- What are precious metals royalty and streaming companies?
- How do they work?
- What are their advantages?
- What are their names?
- How have they performed compared to each other?
- How have they performed compared to that of gold, silver, and the mining segment as a whole?
The following are excerpts from an excellent article by Peter Arendas that has been slightly edited ([ ]) and abridged (…) where necessary to ensure a fast and easy read.
“Precious metals royalty and streaming companies represent a very interesting sub-industry of the precious metals mining industry.
- They provide some leverage to the growing metals prices, similar to the typical mining companies; however, they are less risky in comparison to them.
- Their incomes are derived from royalty and streaming agreements.
- Under a metal streaming agreement, the streaming company provides an upfront payment to acquire the right to future deliveries of a predefined percentage of metal production of a mining operation.
- They pay ongoing payments that are usually well below the market price of the metal. They can be set as a fixed sum (e.g., $300/toz gold) or as a percentage (e.g., 20% of the prevailing gold price), or a combination of both (e.g., the lower of a) $300/toz gold and b) 20% of the prevailing gold price).
- The royalties usually apply to a small fraction of the mining project production (usually 1-3%), and they are not connected with ongoing payments. They can have various forms, but the most common is a small percentage of the net smelter return (“NSR”). The NSR is calculated as revenues from the sale of the mined products minus transportation and refining costs.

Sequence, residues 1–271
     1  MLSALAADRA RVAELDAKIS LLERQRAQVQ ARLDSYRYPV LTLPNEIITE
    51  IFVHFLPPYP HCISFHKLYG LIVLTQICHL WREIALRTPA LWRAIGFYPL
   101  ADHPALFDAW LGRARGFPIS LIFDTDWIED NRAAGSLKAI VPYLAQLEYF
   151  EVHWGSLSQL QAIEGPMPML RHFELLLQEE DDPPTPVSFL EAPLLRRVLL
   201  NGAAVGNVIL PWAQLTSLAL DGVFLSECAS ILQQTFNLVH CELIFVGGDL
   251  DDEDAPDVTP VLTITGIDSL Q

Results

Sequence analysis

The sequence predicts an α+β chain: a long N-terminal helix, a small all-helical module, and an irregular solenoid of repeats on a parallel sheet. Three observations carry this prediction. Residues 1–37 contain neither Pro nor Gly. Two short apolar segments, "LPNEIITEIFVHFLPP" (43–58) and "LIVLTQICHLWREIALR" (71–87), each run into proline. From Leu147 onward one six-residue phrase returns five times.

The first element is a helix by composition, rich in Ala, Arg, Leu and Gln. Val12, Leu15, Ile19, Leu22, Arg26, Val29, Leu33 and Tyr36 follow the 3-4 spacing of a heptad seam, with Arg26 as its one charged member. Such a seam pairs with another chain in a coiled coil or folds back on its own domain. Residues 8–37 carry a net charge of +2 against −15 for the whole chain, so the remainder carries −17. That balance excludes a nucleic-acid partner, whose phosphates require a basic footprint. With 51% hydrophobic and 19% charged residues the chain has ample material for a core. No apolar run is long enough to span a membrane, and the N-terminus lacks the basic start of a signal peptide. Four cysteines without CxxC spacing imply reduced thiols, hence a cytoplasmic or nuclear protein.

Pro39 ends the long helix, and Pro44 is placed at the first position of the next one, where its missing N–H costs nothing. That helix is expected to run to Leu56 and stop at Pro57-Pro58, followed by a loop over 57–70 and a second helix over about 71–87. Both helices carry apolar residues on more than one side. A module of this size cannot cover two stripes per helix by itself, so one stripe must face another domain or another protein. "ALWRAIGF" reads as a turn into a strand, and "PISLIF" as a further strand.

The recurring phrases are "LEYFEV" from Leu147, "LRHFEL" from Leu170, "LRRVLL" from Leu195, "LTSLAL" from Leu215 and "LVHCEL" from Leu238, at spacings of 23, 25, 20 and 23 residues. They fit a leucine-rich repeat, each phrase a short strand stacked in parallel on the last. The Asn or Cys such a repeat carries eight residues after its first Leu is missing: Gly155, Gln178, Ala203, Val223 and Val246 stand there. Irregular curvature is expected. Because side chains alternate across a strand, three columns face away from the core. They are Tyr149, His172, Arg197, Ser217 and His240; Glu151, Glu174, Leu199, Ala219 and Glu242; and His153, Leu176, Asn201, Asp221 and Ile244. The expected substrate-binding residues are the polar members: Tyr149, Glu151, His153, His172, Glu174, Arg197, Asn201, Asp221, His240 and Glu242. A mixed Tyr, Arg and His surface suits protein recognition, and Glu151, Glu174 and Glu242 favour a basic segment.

To better track the overall performance of the whole sub-industry, I created a capitalization-weighted index (the Precious Metals Royalty and Streaming Index) consisting of 13 companies as shown below…
After an impressive July, the precious metals royalty & streaming sector did much worse in the month of August….
- The gold price remained almost flat in August.
- The share price of SPDR Gold Trust ETF (GLD) declined by 0.32%.
- On the other hand, silver did much better and the iShares Silver Trust ETF (SLV) grew by 15.81%.
- The precious metals mining industry remained almost flat.
- The share price of the VanEck Vectors Gold Miners ETF (GDX) declined by 1.56% and
- the share price of the VanEck Vectors Junior Gold Miners ETF (GDXJ) declined by 0.41%.
- The precious metals royalty and streaming sector recorded negative returns.
- The Precious Metals R&S Index declined by 3.36%.
- The Precious Metals R&S Equally Weighted Index declined only by 0.5%, as Franco-Nevada’s 5.89% share price decline had a lower weight.
… All the important players, except for Sandstorm Gold (SAND), released their quarterly results in August” continue reading….
For an enlightening insight into the operations of the above mentioned royalty and streaming companies during their last quarters please refer to Peter Arendas’ original article “Precious Metals Royalty And Streaming Companies: The August Report” as it appeared on September 7 on SeekingAlpha.com.
Editor’s Note: The author’s views and conclusions are unaltered and no personal comments have been included to maintain the integrity of the original article. Furthermore, the views, conclusions and any recommendations offered in this article are not to be construed as an endorsement of such by the editor. Also note that this complete paragraph must be included in any re-posting to avoid copyright infringement.
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